Jeffrey M. Verdon Law Group, LLP
Ph: 949-988-0939

Silicon Valley's Dirty Little Secret

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Dear Clients, Colleagues, and Friends,

Silicon Valley has been such a leader in technology for over two decades that it has sported a dizzying number of IPOs and huge stock option payoffs creating enormously wealthy entrepreneurs and its own class of marital problems when their marriages breakup.

As a community property state, California divorce law generally holds that property obtained during a marriage is fair game, while separate property brought into marriage belongs to that person and isn't part of the community estate when the marriage ends. It sounds simple, but for affluent entrepreneurs living in the boom and bust economy of Silicon Valley tech start-ups, it's anything but fair.

What happens when you make your fortune at a very young age and then get married and start a family?

Common sense dictates that your pre-marriage fortune would be separate property as long as it was not co-mingled. Unfortunately, family court judges have broad discretion to determine whether a division of community property is fair and equitable based on the facts of each individual case.

Take the case of In Re Marriage of Christopher Ross Larson v. Julia Larson Calhoun. The Washington State trial court awarded the ex-wife of an early Microsoft employee 100% of the couple's community property worth $139 million, no debt, and an additional $40 million in cash and stocks of separate property. Ex-husband Larson appealed the court's decision regarding the award of his separate property to no avail. The Court of Appeals upheld the trial court judge's award of the husband's portion of his separate estate to "achieve a just result," citing the wife's intangible marital contributions and the desire to ensure her financial security because the community property consisted mainly of illiquid assets and no cash.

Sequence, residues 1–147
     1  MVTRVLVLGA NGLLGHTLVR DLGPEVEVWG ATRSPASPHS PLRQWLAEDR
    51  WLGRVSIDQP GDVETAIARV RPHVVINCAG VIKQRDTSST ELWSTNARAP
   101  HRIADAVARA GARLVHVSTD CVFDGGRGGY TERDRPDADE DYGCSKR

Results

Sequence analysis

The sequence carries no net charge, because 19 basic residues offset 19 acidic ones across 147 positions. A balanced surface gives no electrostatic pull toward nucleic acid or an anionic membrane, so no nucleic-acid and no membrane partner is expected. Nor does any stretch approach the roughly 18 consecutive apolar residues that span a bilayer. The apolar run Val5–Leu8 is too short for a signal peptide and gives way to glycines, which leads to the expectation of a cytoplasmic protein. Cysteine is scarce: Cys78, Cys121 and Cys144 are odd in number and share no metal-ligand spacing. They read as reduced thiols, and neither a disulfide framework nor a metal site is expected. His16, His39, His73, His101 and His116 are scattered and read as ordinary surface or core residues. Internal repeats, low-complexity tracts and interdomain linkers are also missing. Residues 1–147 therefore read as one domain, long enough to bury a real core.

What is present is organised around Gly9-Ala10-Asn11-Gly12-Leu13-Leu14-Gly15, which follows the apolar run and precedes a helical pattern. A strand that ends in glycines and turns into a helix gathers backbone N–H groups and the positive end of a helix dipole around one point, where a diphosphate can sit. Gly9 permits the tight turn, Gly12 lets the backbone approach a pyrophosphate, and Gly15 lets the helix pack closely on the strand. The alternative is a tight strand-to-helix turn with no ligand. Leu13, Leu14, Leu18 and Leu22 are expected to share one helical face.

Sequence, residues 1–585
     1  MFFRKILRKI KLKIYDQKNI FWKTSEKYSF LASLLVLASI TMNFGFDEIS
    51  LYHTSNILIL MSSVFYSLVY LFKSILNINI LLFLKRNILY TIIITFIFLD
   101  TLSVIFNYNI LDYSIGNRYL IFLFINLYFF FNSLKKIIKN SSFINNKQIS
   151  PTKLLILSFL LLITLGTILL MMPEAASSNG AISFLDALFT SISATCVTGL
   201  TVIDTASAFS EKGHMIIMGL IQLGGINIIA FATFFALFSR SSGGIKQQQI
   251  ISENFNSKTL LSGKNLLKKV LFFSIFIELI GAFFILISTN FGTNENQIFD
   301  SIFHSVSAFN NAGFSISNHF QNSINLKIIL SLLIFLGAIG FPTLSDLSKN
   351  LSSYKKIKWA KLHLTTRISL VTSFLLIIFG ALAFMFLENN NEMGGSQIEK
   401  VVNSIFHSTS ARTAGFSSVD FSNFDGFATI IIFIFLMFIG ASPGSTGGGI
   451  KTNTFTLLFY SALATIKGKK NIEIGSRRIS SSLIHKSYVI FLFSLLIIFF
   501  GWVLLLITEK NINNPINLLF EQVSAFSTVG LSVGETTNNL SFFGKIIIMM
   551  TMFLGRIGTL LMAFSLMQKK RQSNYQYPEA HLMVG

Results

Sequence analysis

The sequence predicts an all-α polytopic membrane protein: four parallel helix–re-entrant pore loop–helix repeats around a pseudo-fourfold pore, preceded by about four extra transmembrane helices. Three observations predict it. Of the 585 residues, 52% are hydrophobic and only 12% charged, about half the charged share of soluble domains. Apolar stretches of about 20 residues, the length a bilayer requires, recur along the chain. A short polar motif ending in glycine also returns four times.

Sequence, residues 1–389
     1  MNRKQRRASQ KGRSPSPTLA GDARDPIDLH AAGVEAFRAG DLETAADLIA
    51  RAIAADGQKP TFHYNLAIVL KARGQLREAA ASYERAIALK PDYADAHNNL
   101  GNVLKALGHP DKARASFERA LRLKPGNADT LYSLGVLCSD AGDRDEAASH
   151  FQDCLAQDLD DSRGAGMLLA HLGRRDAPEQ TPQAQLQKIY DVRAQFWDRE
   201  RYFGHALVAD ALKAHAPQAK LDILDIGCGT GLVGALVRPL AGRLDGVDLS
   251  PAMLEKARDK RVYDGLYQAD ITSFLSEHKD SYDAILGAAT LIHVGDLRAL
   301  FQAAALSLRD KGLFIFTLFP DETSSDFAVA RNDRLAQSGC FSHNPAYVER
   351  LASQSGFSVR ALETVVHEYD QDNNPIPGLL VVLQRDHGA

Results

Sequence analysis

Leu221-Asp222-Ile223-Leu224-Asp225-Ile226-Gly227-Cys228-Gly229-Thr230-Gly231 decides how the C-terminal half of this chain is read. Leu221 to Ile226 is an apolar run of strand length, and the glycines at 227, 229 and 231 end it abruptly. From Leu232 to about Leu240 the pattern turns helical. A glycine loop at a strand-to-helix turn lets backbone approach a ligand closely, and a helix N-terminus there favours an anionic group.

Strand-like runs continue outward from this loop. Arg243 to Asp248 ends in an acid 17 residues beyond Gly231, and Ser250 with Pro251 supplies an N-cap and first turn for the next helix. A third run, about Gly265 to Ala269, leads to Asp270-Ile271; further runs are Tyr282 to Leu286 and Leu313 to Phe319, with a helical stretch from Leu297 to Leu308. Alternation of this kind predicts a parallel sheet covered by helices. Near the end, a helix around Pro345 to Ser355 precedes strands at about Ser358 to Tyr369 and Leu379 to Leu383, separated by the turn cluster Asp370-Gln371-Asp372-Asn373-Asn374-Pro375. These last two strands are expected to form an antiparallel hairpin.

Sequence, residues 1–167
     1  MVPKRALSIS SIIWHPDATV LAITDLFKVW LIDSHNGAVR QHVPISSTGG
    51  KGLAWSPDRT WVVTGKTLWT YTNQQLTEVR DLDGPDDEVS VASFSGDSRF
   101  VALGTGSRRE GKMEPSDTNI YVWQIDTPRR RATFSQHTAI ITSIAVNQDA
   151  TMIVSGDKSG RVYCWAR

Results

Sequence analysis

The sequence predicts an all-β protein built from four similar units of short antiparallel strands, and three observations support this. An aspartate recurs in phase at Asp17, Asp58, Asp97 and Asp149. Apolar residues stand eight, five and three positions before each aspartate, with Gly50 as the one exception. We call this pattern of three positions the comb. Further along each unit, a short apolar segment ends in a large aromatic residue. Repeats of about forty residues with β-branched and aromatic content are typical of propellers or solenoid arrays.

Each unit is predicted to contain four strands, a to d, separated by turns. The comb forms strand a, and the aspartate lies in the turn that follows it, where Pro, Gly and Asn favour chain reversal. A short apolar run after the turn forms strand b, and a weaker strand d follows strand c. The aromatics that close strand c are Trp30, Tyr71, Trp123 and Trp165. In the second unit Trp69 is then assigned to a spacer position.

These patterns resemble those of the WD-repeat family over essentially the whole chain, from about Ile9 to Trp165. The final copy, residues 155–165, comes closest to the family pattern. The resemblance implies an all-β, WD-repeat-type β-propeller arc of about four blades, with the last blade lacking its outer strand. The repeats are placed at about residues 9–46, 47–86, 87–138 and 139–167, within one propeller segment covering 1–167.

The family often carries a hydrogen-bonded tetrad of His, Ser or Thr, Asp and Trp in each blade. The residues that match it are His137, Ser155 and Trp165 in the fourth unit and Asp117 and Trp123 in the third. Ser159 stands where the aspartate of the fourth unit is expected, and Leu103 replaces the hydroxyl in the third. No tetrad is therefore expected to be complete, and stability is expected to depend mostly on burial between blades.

This frightening case proves that a family court judge's broad discretion can result in the invasion and award of separate, pre-marital property in divorce proceedings.

With this in mind, how can tech entrepreneurs protect considerable pre- marital wealth from divorcing spouses? Prenuptial agreements are difficult to negotiate and can be defeated by a skilled litigator on claims of lack of "full disclosure." And as seen above, one cannot rely on the fact that property is defined as "separate."

Former Chief Justice of the West Virginia Supreme Court Richard Neely has recently litigated these types of cases and believes the answer lies in well-constructed foreign separate property trusts created prior to marriage. There are several benefits to such trusts. First, there is no need to negotiate difficult prenuptial agreements with a potential spouse because the trust would already be in place. This could keep the romance and mystery of getting married intact and prevent contentious legal negotiations from straining relationships before marriage even begins. Next, inquiring spouses will learn that the trust is in place to protect the "family" from lawsuits by greedy plaintiffs' lawyers, which is in fact one added benefit of such trusts. Lastly, these trusts protect the settlor against overreaching courts and vindictive ex-spouses attempting to take them to the cleaners by invading their separate property in divorce proceedings. It's a win-win-win solution.

If you have amassed considerable wealth, whether prior to marriage or have wealth following a divorce, don't let your faith in the courts or your reliance on the "separate property" doctrine give a future ex-spouse the opportunity to take you to the cleaners. Our team of specialists are available to help you design the right "firewalls" to protect what you own. You have nothing to lose but half of your assets.

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